RunRev for iPhone and iPod Touch
ambassador at fourthworld.com
Sat Feb 23 20:37:46 CST 2008
Björnke von Gierke wrote:
> You complain that my handler deletes the data, so it seems I wasn't
> clear enough. Obviously there's a custom property, called "data". This
> is what you use to show later parts of, or sorted stuff of, in the
> field. That is why I said "less memory efficient", because there's an
> additional property containing all the data. Sure, dividing the
> presentation from the actual data is much more work then having both
> in one, but it also gives you more control.
True, but if the object the data is stored in is part of the UI doesn't
it obviate many of the benefits of such separation? And if the data is
already stored in a database or other file then that's just an extra copy.
But storage aside, if we delete the ID field from the record before we
display it how do we know which record the user clicks on?
So in addition to adding the line of code about the itemdel, we need to
add another which stores the sorted list back into the property before
stripping out stuff for display, so we can later look it up in response
Doable, yes, but requires a bit of forethought, strategy, and time.
> Again I'm not against having all the data in a field, and I never
> claimed my way of doubling everything in a cprop is simpler. But no
> matter if runrev agrees that your proposal is a nice thing to have or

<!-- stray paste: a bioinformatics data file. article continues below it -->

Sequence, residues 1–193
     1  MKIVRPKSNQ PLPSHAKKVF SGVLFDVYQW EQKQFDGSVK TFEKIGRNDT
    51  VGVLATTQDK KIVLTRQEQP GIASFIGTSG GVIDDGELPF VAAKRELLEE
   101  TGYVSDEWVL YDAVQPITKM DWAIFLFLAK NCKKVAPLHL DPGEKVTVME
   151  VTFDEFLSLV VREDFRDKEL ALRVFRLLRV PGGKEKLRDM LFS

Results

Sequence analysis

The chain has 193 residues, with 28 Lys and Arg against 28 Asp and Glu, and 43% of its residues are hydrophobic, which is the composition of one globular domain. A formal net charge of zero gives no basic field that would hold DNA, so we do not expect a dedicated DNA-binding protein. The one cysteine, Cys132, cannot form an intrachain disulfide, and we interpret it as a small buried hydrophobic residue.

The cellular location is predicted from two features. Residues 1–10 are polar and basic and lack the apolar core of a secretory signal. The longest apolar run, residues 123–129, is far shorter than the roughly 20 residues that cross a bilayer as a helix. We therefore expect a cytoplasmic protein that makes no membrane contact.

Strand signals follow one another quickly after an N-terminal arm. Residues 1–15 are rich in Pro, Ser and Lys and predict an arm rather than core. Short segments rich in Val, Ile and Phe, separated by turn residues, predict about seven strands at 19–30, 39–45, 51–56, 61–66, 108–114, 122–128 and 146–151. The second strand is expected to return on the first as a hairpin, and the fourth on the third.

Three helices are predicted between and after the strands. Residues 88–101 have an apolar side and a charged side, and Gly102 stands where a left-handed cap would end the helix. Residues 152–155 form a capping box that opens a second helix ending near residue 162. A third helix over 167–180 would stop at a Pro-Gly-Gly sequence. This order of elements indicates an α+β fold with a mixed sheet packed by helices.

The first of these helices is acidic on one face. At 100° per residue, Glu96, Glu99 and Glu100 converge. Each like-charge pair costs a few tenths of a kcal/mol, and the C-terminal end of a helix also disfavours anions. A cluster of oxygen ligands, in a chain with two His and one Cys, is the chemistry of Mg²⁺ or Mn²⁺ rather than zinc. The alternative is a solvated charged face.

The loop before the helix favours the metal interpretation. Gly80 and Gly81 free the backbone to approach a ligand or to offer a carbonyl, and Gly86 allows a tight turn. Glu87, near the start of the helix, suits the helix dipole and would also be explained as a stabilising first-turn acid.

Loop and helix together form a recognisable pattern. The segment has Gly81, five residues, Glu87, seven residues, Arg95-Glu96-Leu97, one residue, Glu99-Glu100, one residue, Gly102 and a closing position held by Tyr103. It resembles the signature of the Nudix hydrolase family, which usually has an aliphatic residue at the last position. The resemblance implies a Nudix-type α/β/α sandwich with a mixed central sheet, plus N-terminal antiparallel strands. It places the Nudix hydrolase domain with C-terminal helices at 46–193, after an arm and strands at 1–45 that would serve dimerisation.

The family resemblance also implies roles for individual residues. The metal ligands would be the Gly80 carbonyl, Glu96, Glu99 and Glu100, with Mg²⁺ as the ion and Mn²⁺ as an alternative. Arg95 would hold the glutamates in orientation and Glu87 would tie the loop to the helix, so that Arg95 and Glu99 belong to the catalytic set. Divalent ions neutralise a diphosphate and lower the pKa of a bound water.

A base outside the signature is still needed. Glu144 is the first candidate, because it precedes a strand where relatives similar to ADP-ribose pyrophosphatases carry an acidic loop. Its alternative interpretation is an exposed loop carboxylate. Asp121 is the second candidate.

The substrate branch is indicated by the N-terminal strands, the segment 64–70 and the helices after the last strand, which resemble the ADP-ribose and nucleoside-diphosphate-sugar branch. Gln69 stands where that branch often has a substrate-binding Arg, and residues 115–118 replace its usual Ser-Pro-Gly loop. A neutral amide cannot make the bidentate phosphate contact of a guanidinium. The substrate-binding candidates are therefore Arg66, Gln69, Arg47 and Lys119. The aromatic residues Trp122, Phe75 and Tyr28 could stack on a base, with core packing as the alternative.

> not, it isn't available now.
As one who generally shares your interest here in focusing on immediate
solutions, I appreciate your help with the scripting.
But stepping back to the original context of this thread, this was a
conversation about relative ROI of proposed features, and this
admittedly tiny feature of zero-width columns was presented in
conjunction with independent column alignment.
The column alignment is absolutely critical for broad adoption in
business environments. And fortunately the good folks at RunRev have
previously acknowledged the importance of independent column alignment.
Extra bonus points that when they find themselves diving deep into the
field object to make that happen, they'll be in a position to add
zero-width columns for very little additional effort.
Like Linux support, this zero-width-column thang is a feature that, if
well-timed, has an unusually high ROI because it has such an uncommonly
And to bring all this back to the iPhone, if the API presents a very low
cost to port then of course it should be pursued at whatever point in
the priority list where its ROI ranking would put it. But the iPhone is
not a Mac, and I suspect there will be many differences in how apps must
be built for each.
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